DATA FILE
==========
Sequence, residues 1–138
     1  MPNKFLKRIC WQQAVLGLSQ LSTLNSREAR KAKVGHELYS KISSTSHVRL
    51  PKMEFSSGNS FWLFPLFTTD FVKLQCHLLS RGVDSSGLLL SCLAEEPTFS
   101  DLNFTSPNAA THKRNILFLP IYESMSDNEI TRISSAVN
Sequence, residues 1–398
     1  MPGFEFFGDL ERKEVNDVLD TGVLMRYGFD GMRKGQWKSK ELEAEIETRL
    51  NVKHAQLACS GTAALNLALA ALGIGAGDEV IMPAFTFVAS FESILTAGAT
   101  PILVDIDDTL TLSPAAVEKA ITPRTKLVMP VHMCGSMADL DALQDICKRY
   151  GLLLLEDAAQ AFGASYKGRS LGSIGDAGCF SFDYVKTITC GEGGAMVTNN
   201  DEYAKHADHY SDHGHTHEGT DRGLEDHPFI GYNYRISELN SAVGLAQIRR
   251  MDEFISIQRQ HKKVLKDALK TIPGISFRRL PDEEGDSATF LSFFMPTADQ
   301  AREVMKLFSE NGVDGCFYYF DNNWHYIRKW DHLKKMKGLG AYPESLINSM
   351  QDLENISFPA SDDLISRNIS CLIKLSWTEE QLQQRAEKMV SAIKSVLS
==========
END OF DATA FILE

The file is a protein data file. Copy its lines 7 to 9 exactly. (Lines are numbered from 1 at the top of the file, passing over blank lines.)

    51  NVKHAQLACS GTAALNLALA ALGIGAGDEV IMPAFTFVAS FESILTAGAT
   101  PILVDIDDTL TLSPAAVEKA ITPRTKLVMP VHMCGSMADL DALQDICKRY
   151  GLLLLEDAAQ AFGASYKGRS LGSIGDAGCF SFDYVKTITC GEGGAMVTNN